Contact Us

Use the form on the right to contact us.

You can edit the text in this area, and change where the contact form on the right submits to, by entering edit mode using the modes on the bottom right. 

         

123 Street Avenue, City Town, 99999

(123) 555-6789

email@address.com

 

You can set your address, phone number, email and site description in the settings tab.
Link to read me page with more information.

12:15 PM | *Numerous signs point to the return of a colder-than-normal pattern for the eastern US during late February and March*

Blog

Weather forecasting and analysis, space and historic events, climate information

12:15 PM | *Numerous signs point to the return of a colder-than-normal pattern for the eastern US during late February and March*

Paul Dorian

 "High-latitude blocking" is predicted by the latest GEFS model forecast by the end of February with abnormally high heights at 500 mb centered over Greenland (circled region); map courtesy NOAA

"High-latitude blocking" is predicted by the latest GEFS model forecast by the end of February with abnormally high heights at 500 mb centered over Greenland (circled region); map courtesy NOAA

Overview
There is abundant very cold air around in the Northern Hemisphere (e.g., Arctic dips to -76°F) as we reach the mid-point of February and snowfall has been very impressive in recent days from British Columbia-to-Chicago-to-Paris-to-Moscow, but unless the atmospheric flow pattern changes, this abnormal cold and potential snow won’t necessarily come to the eastern US.  In fact, the weather pattern in the eastern US has featured multiple mild spells in recent days and little in the way of snowfall for the immediate I-95 corridor, and the overall mild weather pattern looks like it will continue for the next week-to-ten days.  After that, however, there are numerous signs that suggest there will be a crucial change to the overall atmospheric pattern over the Northern Hemisphere and this will likely allow for multiple cold air outbreaks to once again be directed into the eastern US.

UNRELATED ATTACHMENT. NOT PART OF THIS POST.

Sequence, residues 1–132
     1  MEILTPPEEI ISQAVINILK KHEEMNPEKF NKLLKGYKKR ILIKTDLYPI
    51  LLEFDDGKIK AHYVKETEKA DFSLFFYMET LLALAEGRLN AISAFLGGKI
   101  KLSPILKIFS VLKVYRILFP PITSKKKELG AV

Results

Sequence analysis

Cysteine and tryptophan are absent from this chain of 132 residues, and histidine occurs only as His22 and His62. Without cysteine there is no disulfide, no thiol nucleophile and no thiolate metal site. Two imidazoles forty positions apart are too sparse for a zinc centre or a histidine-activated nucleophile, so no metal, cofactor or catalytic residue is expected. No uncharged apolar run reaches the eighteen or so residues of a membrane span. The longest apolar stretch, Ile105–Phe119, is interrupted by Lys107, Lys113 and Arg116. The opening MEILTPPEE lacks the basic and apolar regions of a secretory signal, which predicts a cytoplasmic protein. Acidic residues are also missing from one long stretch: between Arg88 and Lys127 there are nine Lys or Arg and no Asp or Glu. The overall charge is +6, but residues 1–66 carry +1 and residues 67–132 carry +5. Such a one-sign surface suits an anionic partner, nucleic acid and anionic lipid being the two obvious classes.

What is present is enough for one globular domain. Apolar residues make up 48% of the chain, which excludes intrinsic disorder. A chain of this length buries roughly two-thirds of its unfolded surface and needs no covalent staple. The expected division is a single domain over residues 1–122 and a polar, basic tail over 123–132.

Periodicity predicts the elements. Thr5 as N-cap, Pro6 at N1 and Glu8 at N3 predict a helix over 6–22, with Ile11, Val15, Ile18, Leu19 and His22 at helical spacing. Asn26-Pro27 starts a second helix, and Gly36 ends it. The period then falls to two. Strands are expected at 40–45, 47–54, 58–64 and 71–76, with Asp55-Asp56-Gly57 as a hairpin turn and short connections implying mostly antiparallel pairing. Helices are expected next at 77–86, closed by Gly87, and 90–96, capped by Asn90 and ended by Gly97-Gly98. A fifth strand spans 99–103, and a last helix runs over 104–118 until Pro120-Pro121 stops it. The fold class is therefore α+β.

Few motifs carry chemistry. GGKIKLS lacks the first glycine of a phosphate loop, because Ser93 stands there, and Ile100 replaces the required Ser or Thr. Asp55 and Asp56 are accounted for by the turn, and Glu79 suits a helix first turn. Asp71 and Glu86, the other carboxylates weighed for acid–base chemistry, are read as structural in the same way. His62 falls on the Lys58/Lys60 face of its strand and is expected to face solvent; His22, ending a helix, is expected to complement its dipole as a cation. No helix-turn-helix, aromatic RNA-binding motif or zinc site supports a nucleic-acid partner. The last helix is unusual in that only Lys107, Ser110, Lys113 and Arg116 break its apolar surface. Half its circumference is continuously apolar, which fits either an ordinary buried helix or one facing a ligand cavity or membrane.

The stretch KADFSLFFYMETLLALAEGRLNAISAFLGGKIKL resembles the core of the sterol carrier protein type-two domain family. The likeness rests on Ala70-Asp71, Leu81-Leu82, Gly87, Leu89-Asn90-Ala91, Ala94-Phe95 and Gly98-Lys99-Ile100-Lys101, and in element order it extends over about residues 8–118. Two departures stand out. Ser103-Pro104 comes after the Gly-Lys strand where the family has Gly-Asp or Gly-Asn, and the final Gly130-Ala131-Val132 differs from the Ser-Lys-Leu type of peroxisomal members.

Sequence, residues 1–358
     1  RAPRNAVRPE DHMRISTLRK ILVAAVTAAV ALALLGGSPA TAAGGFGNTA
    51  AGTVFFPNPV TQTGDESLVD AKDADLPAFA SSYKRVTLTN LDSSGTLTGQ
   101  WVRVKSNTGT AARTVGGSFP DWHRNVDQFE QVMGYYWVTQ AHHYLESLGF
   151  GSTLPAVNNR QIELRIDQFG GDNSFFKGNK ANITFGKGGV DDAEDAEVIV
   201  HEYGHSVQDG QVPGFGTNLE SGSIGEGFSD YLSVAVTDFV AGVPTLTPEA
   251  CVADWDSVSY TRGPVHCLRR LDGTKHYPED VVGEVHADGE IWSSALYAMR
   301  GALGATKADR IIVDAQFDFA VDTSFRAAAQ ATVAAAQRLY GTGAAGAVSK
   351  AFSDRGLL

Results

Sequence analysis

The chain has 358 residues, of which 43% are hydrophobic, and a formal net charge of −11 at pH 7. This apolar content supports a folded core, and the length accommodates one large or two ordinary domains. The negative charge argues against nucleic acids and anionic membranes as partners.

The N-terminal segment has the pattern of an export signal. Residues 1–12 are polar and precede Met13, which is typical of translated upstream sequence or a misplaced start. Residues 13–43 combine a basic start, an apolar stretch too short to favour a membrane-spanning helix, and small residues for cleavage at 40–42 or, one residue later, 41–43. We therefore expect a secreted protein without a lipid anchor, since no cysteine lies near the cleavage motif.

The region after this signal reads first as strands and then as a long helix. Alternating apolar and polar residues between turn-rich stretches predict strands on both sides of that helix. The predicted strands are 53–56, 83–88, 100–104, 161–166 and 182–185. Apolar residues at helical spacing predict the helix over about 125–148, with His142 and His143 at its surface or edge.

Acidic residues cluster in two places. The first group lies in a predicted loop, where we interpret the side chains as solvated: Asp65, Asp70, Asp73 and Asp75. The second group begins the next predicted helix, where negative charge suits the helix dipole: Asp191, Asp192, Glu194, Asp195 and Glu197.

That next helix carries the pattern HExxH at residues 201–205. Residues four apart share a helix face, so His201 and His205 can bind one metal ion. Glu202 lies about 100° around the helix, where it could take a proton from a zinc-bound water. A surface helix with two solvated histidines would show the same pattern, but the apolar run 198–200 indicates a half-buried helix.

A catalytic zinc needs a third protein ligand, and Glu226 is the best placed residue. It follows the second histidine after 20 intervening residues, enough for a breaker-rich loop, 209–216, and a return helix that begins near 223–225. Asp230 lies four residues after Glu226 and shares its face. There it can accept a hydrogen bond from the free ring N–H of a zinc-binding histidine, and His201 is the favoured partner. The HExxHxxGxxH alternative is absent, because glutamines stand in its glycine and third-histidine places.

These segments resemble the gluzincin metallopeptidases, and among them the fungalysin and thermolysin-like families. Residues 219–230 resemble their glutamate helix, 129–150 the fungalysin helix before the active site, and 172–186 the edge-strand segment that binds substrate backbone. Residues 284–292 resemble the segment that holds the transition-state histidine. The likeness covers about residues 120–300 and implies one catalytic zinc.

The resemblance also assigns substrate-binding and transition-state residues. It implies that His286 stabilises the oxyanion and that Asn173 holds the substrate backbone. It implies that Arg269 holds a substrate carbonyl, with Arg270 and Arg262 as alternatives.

Arctic Oscillation (top) and North Atlantic Oscillation (bottom) indices are forecasted (in red) to drop sharply into negative territory towards the end of the month and this is supportive of the idea of "high-latitude blocking" to develop; maps courtesy NOAA

Arctic Oscillation (top) and North Atlantic Oscillation (bottom) indices are forecasted (in red) to drop sharply into negative territory towards the end of the month and this is supportive of the idea of "high-latitude blocking" to develop; maps courtesy NOAA

"High-latitude blocking", Arctic Oscillation, North Atlantic Oscillation 
“High-latitude blocking” is one type of change to the overall pattern that would allow for Arctic air masses to once again penetrate into the eastern US and indeed, it looks increasingly likely that this will develop by the end of the month. “High-latitude blocking” in the wintertime involves higher-than-normal pressure in places like Greenland, Iceland and northeastern Canada and it is important to monitor as it often results in sustained cold air outbreaks for the central and eastern US. The latest runs of the GFS and European computer forecast models feature abnormally high pressure in these particular areas by the end of the month and the predicted tanking of the Arctic Oscillation (AO) and North Atlantic Oscillation (NAO) indices support this idea for the formation of "high-latitude blocking".  
 
The AO and NAO indices provide information to meteorologists on the ever-changing pressure and temperature patterns across the northern latitudes and they are closely monitored this time of year for potential impacts to the eastern US.  When these indices drop into negative territory for extended periods of time, the chances for “high-latitude blocking” generally increases.  Indeed, both of these indices are projected to simultaneously drop rather sharply into negative territory over the next couple of weeks suggesting “high-latitude blocking” may indeed develop, and computer forecast models are now picking up on this idea.  In fact, the most recent GEFS model forecast for 500 mb height anomalies strongly suggests that “high-latitude blocking” will form by the end of the month with abnormal high pressure predicted to be centered over Greenland and this is a crucial pattern change that should allow Arctic air masses to drop into the eastern US from late February into March.

 Top-down view of the forecasted stratospheric (10-mb) temperatures in ten days with very warm conditions near the North Pole (North Pole is at center-point of this forecast map) and the dominant polar vortex is shunted to the North American side of the pole; map courtesy NOAA

Top-down view of the forecasted stratospheric (10-mb) temperatures in ten days with very warm conditions near the North Pole (North Pole is at center-point of this forecast map) and the dominant polar vortex is shunted to the North American side of the pole; map courtesy NOAA